Catholic nun, gay and militant. Bridget Coll, Irish born but a proud Canadian, was a trailblazer.
She and her partner, Chris Morrissey, made history when they challenged Canadian immigration law which had only recognised heterosexual married partners.
As nuns in the 1980s, they stood with the oppressed in Chile against dictator Augusto Pinochet’s regime.
Hers is an inspirational journey. She travelled thousands of miles in just one lifetime.
Now, her story features in a new exhibition in Dublin telling the stories of Ireland’s LGBTQ+ diaspora.
Bridget died in 2016. Her life partner, activist and former nun, Chris, survives her.
Historian Dr Maurice Casey, who curated the exhibition, came upon their story by chance. He had set out to celebrate an LGBTQ+ history of the Irish emigration story.
He was researching the Canadian LGBTQ+ community and was inspired by a series of tapes held by Simon Fraser University recorded in 2009, through which the women tell their story.
There is wit and wisdom, a generosity and a humility about Bridget Coll that shines through on the tape recordings from 12 years ago.
She talks about how she was born in Donegal in 1934, one of 12 children from a Catholic family who grew up near Fanad lighthouse. She never questioned her sexuality.
At 14, she wanted to be a nun and at 16, joined an order in England.
From there, she went to America to work for the Franciscan Missionaries of St Joseph.
That was where the first seeds of dissent were sown.
“There was an encyclical on birth control from the Pope. The priest gave a whole sermon from the pulpit about how it was a real bad thing to do,” she said in the recording.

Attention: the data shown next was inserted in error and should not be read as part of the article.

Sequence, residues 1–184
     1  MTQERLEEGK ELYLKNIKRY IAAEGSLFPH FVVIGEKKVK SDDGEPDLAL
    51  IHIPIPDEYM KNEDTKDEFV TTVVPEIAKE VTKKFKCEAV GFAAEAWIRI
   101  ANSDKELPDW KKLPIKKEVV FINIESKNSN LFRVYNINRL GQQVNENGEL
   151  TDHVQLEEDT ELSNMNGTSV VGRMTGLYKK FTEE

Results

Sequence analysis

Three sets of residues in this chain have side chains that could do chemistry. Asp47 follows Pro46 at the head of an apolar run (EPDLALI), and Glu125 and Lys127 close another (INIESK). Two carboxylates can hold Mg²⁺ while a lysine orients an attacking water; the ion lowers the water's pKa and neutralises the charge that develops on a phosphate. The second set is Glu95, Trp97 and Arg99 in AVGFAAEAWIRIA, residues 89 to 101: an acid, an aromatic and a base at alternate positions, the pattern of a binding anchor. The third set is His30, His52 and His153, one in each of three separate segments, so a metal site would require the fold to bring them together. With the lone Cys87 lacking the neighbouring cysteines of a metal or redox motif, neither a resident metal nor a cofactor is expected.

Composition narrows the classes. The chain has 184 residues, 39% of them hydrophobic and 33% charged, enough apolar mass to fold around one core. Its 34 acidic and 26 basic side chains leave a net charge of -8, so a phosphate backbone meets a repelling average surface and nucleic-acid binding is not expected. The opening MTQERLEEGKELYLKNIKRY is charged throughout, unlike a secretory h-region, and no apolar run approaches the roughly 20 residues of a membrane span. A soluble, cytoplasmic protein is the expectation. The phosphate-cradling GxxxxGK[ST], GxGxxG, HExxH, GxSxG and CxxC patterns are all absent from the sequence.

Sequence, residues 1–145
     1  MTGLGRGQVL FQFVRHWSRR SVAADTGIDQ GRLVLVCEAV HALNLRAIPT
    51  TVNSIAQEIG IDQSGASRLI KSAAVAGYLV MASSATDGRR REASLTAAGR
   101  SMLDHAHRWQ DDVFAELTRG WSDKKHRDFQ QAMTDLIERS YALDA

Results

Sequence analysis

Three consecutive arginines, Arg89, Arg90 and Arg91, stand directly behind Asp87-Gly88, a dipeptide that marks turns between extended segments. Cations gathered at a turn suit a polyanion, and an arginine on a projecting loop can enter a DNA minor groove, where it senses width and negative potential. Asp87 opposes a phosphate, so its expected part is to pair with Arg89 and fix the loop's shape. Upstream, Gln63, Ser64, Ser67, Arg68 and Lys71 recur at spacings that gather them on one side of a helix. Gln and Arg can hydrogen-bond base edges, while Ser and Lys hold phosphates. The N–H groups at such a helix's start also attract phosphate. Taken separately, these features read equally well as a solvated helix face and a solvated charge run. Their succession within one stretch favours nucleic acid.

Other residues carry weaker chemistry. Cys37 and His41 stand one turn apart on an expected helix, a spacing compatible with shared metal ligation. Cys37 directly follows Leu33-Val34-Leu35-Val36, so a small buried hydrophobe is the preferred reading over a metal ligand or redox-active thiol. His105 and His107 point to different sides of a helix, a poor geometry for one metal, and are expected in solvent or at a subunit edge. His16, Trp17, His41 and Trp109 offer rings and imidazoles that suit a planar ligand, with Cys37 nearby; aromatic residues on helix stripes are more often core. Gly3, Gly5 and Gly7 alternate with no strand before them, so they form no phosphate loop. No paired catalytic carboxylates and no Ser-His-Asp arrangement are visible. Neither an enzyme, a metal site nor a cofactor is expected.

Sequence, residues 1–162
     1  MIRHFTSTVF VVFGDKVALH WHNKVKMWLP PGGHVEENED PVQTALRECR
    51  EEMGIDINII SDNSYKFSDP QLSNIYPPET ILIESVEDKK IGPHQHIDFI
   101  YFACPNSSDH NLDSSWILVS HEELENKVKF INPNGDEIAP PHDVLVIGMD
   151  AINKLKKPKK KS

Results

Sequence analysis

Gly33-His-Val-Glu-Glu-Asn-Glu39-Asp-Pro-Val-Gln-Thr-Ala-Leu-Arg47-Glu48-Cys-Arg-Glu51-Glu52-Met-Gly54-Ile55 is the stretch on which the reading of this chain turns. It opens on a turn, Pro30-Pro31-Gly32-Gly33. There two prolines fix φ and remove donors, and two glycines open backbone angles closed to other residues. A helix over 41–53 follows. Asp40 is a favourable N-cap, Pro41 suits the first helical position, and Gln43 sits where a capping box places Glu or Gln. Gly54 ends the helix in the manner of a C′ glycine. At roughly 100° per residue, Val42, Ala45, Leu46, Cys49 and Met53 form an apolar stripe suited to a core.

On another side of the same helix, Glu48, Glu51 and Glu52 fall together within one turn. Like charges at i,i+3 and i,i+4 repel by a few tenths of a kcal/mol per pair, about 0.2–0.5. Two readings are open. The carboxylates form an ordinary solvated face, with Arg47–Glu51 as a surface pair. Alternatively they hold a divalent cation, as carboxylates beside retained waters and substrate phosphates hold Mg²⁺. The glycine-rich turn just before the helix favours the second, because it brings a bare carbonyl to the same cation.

“I had a lot of contact with mothers of kids that I taught. They would come and tell me their stories about birth control. I listened to the women’s stories and their hardships.
“For the first time in my life, I began to doubt the teachings of the Church.”
She was drawn to read more about social justice and liberation theology – a radical movement that grew up in South America as a response to the poverty and ill-treatment of ordinary people.
The Liberationists said the Church should act to bring about social change and should ally itself with the working class.
It was at that time that Bridget became close to Chris, a Canadian nun in the same order.
When Bridget’s parents died within weeks of each other in 1977, Chris was the one person who truly helped.
“She said she was a lesbian and asked: ‘Do you know what that is?’ I said: ‘No’.
“She said: ‘I think you’re a lesbian’. I didn’t know the word – that was the first time I knew.
“It was 1977, I was 43, that’s the first time I ever heard it and the first time I fell in love with a woman.”
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